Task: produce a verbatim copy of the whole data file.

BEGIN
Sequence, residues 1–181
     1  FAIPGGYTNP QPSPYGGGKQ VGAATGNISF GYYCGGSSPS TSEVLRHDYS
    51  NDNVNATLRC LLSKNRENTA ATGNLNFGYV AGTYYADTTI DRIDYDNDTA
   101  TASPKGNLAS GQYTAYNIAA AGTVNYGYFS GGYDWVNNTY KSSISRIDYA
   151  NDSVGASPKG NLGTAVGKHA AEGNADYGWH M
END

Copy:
Sequence, residues 1–181
     1  FAIPGGYTNP QPSPYGGGKQ VGAATGNISF GYYCGGSSPS TSEVLRHDYS
    51  NDNVNATLRC LLSKNRENTA ATGNLNFGYV AGTYYADTTI DRIDYDNDTA
   101  TASPKGNLAS GQYTAYNIAA AGTVNYGYFS GGYDWVNNTY KSSISRIDYA
   151  NDSVGASPKG NLGTAVGKHA AEGNADYGWH M